Yesterday, Randy Credico, Noche Diaz, Christina Gonzalez, John Hector, Nick Malinowsky, Bob Parsons and Matthew Swaue were set for trial in Brooklyn.  We were told by Judge LaPorte to expect that she was going to dismiss the remaining charge of disorderly conduct, after the first five defendants were dismissed by herself and another judge.  The DA had said he had no intention to dismiss, and was ready for trial.  Police witnesses were brought in. 

However, Judge Douglass was on the bench.  She had to consult with LaPorte about the case, while we waited around, only to say that LaPorte wants to dismiss the charges herself, so people have to come back for a fourteenth appearance on Monday March 18.  Even after that, the DA tried to exact some revenge.  Nick had obtained permission from the judge not to appear -- and was at work in the Bronx Criminal Court -- and the DA tried to get a warrant for his arrest for not showing.

At this point we do expect a dismissal on Monday, with all charges to be over in Brooklyn from the 11/1/11 protest at the 73rd Precinct.  Meanwhile, protests have jumped off the last two nights in the 67th Precinct, East Flatbush, over the NYPD killing of Kimani Gray.  See NY Daily News today on the case. 

Monday March 18 is also the day Floyd v NYC, the class action suit against the NYPD for stop-and-frisk by the Center for Constitutional Rights, begins.  It's expected to go for 5-6 weeks, and it will make a difference if people represent there for an END to stop-and-frisk.  It's in Federal Court at 500 Pearl Street (east of Foley Square, just north of Chambers and all major trains.)  Some of us plan to go there as soon as court is done in Brooklyn.

Wednesday March 20 is a firm trial date for Noche in The Bronx, where the DA says they're ready to try him for disorderly conduct when he observed Jeffeth James being beaten by NYPD almost a year ago in Soundview.  It's really important to have a showing in court that morning.  8:45 am outside court; 9:30 am, probably in the Lower Level of 265 E 161st Street, Bronx Criminal Court.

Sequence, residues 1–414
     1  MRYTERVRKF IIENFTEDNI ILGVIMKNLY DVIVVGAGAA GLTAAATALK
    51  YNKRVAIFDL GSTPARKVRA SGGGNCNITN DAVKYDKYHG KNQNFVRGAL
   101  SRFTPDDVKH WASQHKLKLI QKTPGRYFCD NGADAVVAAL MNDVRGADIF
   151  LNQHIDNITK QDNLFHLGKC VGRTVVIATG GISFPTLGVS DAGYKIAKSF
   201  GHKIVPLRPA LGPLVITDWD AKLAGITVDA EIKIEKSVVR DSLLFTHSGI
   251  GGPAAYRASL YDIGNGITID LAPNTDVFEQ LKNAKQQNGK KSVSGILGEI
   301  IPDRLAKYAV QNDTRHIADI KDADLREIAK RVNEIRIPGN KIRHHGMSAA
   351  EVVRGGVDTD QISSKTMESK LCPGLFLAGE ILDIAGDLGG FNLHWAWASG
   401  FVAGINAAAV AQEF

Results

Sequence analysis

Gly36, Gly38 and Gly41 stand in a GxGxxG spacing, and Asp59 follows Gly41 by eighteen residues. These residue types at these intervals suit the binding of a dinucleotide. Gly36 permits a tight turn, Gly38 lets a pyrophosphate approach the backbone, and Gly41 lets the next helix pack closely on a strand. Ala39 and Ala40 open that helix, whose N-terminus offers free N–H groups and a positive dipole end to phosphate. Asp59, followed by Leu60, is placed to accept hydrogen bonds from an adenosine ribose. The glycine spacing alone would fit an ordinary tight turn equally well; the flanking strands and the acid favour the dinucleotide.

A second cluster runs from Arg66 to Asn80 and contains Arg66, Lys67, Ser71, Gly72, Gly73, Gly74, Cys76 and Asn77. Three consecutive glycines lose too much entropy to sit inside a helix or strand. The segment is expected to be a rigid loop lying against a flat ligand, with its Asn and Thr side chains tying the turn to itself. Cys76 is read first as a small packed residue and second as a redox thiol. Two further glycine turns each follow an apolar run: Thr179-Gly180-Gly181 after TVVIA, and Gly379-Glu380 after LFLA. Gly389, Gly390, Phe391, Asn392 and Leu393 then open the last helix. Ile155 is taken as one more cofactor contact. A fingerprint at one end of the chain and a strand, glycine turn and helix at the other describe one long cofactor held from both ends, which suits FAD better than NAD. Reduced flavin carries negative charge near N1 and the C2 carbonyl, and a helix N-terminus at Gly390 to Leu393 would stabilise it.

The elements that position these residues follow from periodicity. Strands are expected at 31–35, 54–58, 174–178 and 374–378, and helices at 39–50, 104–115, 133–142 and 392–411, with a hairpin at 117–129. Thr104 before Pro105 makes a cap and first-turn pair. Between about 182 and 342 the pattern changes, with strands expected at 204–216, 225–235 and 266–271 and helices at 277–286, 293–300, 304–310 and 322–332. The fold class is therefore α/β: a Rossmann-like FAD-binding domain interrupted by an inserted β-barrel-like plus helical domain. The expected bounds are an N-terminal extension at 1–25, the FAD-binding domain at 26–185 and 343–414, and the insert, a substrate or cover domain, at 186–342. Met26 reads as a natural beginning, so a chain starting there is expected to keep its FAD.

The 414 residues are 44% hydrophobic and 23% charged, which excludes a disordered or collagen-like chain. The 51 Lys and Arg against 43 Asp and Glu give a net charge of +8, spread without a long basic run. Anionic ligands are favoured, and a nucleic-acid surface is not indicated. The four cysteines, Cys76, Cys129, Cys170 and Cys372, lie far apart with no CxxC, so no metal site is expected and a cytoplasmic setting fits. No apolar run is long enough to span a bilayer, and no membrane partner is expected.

Note:  This was received from the Alan Blueford Coalition back in October 2012, and we thank them, and apologize for the late posting.

The Justice 4 Alan Blueford Coalition (http://justice4alanblueford.org/) stands in solidarity with Jamel Mins, Carl Dix, Robert Parsons, Morgan Rhodewalt and their eight companions, standing trial in New York City on trumped-up charges brought by the Queens County District Attorney, Richard Brown, for peacefully protesting the unconstitutional Stop & Frisk policies of the New York Police Department.

Alan Blueford, an 18-year old black student, was murdered as the consequence of an illegal stop & frisk in Oakland, California on May 6th, 2012. Recognizing this, the Coalition has made the elimination of stop & frisk -- a de facto policy of the Oakland Police Department -- one of its five demands in seeking justice for Alan Blueford.

Countless youth and men of color have been harassed and their lives put in jeopardy by this police tactic designed to intimidate an entire generation. The Justice 4 Alan Blueford Coalition salutes all those in New York City who have taken up the battle against Stop & Frisk. We here in Oakland are watching as events unfold in New York City: every
march and every press conference, developments in each trial and lawsuit, and your struggle to legislatively end Stop & Frisk by enacting the Community Safety Act.

We call on everyone from coast to coast and in between to demand that District Attorney Richard Brown drop all charges a against these peaceful protesters, and we also ask everyone to sign the Stop Mass Incarceration petition calling for dismissal of all charges at stopmassincarceration.org/resolution.html.